Eye on that Finish Line Prize!


Now where was I? I’m closing in on the finish line maybe 150 feet out and I reach the edge of the crowd that is lining the finish line and they cheer for me when the unthinkable happens. MY IPOD FALLS OFF OF MY SHIRT AND ONTO THE GROUND!!!! I then had to waste precious time to turn around, bend down (ugggh) and get the ipod. Seriously of all times for it to do it it is at the very end of the race?  I grab my ipod at start running to the finish line (once again), I seriously am almost crying at this point and was probably seconds from tears. I can’t believe that I have done this and come this far on my running journey in such a short period of time. I lift my hand up in the air Rocky style (and no I haven’t seen the movies) and I have officially finished a marathon!

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Sweet race bling on a strand of mardi gras beads!

My official time was 6 hours 0 minutes and 20 seconds. While I know it didn’t take 20 seconds to get my ipod, if it hadn’t of dropped and I had done one extra running instead of walking interval I would have been in the 5 hr range.  While extremely excited I quickly became a little dissapointed at myself. I went from the chance of running a 5:10ish marathon to running one in 6 hrs. What can I say it is the competitive spirit within me pushing myself to do better that I know that I could have done much better.  I keep reminding myself however, how far that I have gone in terms of running in the past 9 months. That certain things couldn’t be controlled with the race such as weather, my stomach, etc that probably effected how I did, and that I have never run a full fledged marathon before. I accomplished something that the majority of the world would never even dream to accomplish.  I ran 26.2 miles (over 138,000 feet). I went to bed early on a Friday night when most of my peers were staying up late partying,etc so that I could get up early on Sat morning and run. I woke up at 4:30 am on some occasions (ended up having to run most of the mid week runs on my own because even that was too early for me) to make it to a 5 am group run in the middle of the week.  And if I have to I will continue to tell myself this over and over and over again any time some seed of doubt or some thought of judgement or comparison starts to creep into my mind.  Everyone is on a different journey. Sure some people finished the marathon in under 3 hrs, and to some people this was this 18th millionth marathon.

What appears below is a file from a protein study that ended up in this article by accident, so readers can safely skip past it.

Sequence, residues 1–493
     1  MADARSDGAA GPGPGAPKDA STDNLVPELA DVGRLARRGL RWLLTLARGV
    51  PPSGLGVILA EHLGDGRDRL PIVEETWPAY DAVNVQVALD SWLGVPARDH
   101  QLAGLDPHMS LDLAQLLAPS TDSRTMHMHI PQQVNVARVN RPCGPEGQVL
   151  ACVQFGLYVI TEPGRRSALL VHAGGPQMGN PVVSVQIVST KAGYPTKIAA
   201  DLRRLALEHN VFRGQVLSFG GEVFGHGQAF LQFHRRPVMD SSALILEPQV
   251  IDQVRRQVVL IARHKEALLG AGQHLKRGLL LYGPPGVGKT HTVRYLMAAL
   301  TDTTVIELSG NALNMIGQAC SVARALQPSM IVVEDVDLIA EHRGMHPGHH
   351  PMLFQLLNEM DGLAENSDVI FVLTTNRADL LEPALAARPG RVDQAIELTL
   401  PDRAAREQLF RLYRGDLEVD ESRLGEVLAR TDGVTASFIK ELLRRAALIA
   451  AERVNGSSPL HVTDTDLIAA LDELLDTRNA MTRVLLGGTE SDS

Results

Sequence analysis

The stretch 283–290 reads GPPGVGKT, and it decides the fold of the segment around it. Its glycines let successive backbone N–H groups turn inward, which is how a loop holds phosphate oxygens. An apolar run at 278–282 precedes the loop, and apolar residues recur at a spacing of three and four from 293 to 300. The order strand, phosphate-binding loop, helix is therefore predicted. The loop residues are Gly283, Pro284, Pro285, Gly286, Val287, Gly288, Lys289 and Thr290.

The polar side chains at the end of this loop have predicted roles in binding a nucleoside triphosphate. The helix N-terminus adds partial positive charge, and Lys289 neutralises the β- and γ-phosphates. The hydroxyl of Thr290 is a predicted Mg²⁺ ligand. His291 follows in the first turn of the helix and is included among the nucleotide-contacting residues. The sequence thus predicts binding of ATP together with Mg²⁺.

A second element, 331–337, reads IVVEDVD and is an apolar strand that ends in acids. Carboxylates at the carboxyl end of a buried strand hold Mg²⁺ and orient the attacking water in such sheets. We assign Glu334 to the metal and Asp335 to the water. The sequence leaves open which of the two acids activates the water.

I did it! I ran a marathon!!

But I have to remember that :

My name is Holley and I am on my own running journey and I ran a marathon in 6 hrs.

(P.s) I was going to include post race stuff, what I did in NOLA, etc but realized how long this post was getting, so instead of 3 parts there will now be 4. Part 3 will be post race and Part 4 will be what’s next in my running journey.

(P.p.s) I decided to buy my race photos this go around (even though they were kinda expensive, but I completed a marathon people!) and have included some on here with a mix of some of my own photos. Of course many of my photos look crazy bad (personally to me) and some of them just so happened to be on a walk interval so they look like I’m doing nothing….



6 Responses to “Rock N Roll NOLA Recap: Part 2”

  1. Mike Moreau (@mikemoreau85) February 6, 2014 at 11:22 pm #

    Good job on finishing! Race recaps are always fun

    • holleyjollybaker February 7, 2014 at 11:28 am #

      Thanks! It was definitely like I was reliving the race writing this up!

  2. agilityfan February 7, 2014 at 11:23 am #

    i cried! well done you!!!


  1. Fitbug Orb Giveaway | The Fat Girls Guide To Running - February 27, 2014

    […] each month, and 25 amazing ladies came on a journey with me to train for their first ever Marathon, Holley being the first to complete her full marathon last month, and Diane at the weekend just past, ran […]

  2. Fitbug Orb Giveaway | The Fat Girls' Guide To Running - March 11, 2015

    […] each month, and 25 amazing ladies came on a journey with me to train for their first ever Marathon, Holley being the first to complete her full marathon last month, and Diane at the weekend just past, ran […]